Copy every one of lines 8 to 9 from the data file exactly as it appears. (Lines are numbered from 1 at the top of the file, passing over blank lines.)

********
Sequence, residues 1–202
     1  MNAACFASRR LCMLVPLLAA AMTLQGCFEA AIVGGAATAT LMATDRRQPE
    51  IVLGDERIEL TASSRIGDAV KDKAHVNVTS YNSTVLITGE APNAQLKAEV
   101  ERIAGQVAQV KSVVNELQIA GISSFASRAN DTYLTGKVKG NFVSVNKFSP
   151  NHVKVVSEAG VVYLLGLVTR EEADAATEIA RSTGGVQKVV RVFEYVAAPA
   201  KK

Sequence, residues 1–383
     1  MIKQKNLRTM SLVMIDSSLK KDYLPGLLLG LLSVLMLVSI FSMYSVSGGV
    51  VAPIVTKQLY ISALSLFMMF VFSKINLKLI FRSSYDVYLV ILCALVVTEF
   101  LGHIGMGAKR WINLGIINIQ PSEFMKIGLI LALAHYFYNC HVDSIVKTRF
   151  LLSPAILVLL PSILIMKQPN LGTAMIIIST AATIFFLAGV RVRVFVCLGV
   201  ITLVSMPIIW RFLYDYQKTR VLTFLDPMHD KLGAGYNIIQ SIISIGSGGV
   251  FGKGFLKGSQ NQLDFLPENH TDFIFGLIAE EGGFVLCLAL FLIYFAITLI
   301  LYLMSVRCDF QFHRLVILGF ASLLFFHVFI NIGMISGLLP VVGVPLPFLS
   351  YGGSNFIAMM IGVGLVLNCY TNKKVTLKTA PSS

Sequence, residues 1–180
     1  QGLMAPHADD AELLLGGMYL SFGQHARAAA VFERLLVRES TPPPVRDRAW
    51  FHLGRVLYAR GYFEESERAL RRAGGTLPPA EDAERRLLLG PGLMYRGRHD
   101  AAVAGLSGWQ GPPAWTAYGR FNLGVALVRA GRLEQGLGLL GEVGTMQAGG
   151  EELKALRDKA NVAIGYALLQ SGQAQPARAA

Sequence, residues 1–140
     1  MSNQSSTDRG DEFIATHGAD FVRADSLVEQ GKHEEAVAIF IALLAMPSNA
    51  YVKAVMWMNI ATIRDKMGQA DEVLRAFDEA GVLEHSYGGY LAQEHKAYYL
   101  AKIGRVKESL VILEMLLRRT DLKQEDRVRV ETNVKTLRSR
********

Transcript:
     1  MIKQKNLRTM SLVMIDSSLK KDYLPGLLLG LLSVLMLVSI FSMYSVSGGV
    51  VAPIVTKQLY ISALSLFMMF VFSKINLKLI FRSSYDVYLV ILCALVVTEF